The incidence of speech sound disorders refers to the number of new cases identified in a specified period. The prevalence of speech sound disorders refers to the number of children who are living with speech problems in a given time period.
Estimated prevalence rates of speech sound disorders vary greatly due to the inconsistent classifications of the disorders and the variance of ages studied. The following data reflect the variability:
- Overall, 2.3% to 24.6% of school-aged children were estimated to have speech delay or speech sound disorders (Black, Vahratian, & Hoffman, 2015; Law, Boyle, Harris, Harkness, & Nye, 2000; Shriberg, Tomblin, & McSweeny, 1999; Wren, Miller, Peters, Emond, & Roulstone, 2016).
- A 2012 survey from the National Center for Health Statistics estimated that, among children with a communication disorder, 48.1% of 3- to 10-year old children and 24.4% of 11- to 17-year old children had speech sound problems only. Parents reported that 67.6% of children with speech problems received speech intervention services (Black et al., 2015).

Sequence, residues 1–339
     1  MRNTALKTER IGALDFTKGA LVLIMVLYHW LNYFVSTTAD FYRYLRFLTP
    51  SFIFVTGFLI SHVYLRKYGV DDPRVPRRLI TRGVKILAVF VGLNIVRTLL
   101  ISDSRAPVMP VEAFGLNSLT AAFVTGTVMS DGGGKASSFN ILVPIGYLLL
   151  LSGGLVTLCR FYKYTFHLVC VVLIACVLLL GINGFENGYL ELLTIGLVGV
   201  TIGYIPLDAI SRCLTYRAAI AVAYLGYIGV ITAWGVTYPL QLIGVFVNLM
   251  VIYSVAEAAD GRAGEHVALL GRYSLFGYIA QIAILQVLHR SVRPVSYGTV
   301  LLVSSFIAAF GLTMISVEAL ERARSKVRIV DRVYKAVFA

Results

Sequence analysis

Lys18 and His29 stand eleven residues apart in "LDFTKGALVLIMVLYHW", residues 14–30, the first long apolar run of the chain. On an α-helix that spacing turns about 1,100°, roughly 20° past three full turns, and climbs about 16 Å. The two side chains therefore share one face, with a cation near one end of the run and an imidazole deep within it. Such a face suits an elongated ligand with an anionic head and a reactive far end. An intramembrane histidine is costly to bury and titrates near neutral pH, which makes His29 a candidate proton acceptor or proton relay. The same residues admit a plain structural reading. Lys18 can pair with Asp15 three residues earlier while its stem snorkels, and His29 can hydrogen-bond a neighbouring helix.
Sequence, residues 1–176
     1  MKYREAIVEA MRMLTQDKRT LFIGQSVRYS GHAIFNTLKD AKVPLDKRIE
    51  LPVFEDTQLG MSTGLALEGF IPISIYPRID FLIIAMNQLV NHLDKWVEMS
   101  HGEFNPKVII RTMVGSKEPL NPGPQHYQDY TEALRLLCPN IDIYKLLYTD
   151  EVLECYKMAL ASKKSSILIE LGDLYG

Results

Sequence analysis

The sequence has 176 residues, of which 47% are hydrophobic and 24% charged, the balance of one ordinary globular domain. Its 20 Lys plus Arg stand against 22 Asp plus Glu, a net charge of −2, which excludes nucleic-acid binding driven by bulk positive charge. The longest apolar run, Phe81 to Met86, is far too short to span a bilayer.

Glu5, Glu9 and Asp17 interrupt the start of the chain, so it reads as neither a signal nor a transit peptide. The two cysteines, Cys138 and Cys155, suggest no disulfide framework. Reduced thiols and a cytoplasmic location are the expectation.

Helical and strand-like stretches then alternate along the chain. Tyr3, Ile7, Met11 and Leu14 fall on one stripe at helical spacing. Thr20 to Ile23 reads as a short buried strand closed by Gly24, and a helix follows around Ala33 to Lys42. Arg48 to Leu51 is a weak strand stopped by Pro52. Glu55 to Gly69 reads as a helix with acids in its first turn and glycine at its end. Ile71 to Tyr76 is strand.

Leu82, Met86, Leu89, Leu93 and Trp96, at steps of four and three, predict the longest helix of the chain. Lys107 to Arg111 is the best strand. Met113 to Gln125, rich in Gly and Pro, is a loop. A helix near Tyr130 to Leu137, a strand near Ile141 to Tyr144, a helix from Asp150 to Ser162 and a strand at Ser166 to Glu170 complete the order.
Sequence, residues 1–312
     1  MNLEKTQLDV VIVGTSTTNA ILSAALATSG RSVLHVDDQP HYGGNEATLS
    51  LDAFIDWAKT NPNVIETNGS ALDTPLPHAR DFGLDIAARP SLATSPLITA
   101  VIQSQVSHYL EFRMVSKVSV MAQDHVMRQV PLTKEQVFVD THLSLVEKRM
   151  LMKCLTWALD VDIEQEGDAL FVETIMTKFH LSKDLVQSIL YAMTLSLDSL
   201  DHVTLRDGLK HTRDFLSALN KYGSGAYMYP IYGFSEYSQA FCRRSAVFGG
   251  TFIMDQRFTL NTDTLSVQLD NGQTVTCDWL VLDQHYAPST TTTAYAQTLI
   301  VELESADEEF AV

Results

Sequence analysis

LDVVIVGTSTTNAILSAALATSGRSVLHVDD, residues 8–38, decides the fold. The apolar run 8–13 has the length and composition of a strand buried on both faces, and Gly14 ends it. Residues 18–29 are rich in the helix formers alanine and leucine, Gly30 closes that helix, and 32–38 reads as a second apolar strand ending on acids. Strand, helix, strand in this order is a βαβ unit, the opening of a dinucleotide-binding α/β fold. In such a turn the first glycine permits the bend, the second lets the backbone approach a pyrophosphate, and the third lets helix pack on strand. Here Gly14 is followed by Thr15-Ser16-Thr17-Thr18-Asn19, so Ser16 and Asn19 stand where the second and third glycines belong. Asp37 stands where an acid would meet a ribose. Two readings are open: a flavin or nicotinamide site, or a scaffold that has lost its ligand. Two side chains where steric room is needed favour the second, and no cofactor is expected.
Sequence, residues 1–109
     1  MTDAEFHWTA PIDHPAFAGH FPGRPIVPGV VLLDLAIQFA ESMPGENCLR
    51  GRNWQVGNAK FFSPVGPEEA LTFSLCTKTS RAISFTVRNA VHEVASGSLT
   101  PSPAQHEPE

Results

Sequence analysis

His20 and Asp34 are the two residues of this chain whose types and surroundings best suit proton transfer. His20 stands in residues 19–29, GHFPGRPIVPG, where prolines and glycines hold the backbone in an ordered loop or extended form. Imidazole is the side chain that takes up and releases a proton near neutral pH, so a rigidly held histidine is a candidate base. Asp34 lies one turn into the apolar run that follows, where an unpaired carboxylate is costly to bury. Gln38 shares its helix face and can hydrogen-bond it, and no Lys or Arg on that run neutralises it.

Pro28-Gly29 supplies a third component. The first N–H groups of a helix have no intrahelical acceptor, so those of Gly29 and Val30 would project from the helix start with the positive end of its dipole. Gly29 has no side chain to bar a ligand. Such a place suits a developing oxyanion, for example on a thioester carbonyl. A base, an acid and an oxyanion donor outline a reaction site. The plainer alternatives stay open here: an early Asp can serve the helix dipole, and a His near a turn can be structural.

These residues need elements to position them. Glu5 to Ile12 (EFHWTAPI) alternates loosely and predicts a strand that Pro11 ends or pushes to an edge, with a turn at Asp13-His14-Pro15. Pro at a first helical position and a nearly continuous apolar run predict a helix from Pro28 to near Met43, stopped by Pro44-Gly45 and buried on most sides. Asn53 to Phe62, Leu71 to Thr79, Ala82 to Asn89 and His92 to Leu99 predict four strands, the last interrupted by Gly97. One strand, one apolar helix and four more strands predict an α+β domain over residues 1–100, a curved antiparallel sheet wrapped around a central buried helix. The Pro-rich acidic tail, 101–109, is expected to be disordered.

- Residual or persistent speech errors were estimated to occur in 1% to 2% of older children and adults (Flipsen, 2015).
- Reports estimated that speech sound disorders are more prevalent in boys than in girls, with a ratio ranging from 1.5:1.0 to 1.8:1.0 (Shriberg et al., 1999; Wren et al., 2016).
- Prevalence rates were estimated to be 5.3% in African American children and 3.8% in White children (Shriberg et al., 1999).
- Reports estimated that 11% to 40% of children with speech sound disorders had concomitant language impairment (Eadie et al., 2015; Shriberg et al., 1999).
- Poor speech sound production skills in kindergarten children have been associated with lower literacy outcomes (Overby, Trainin, Smit, Bernthal, & Nelson, 2012). Estimates reported a greater likelihood of reading disorders (relative risk: 2.5) in children with a preschool history of speech sound disorders (Peterson, Pennington, Shriberg, & Boada, 2009).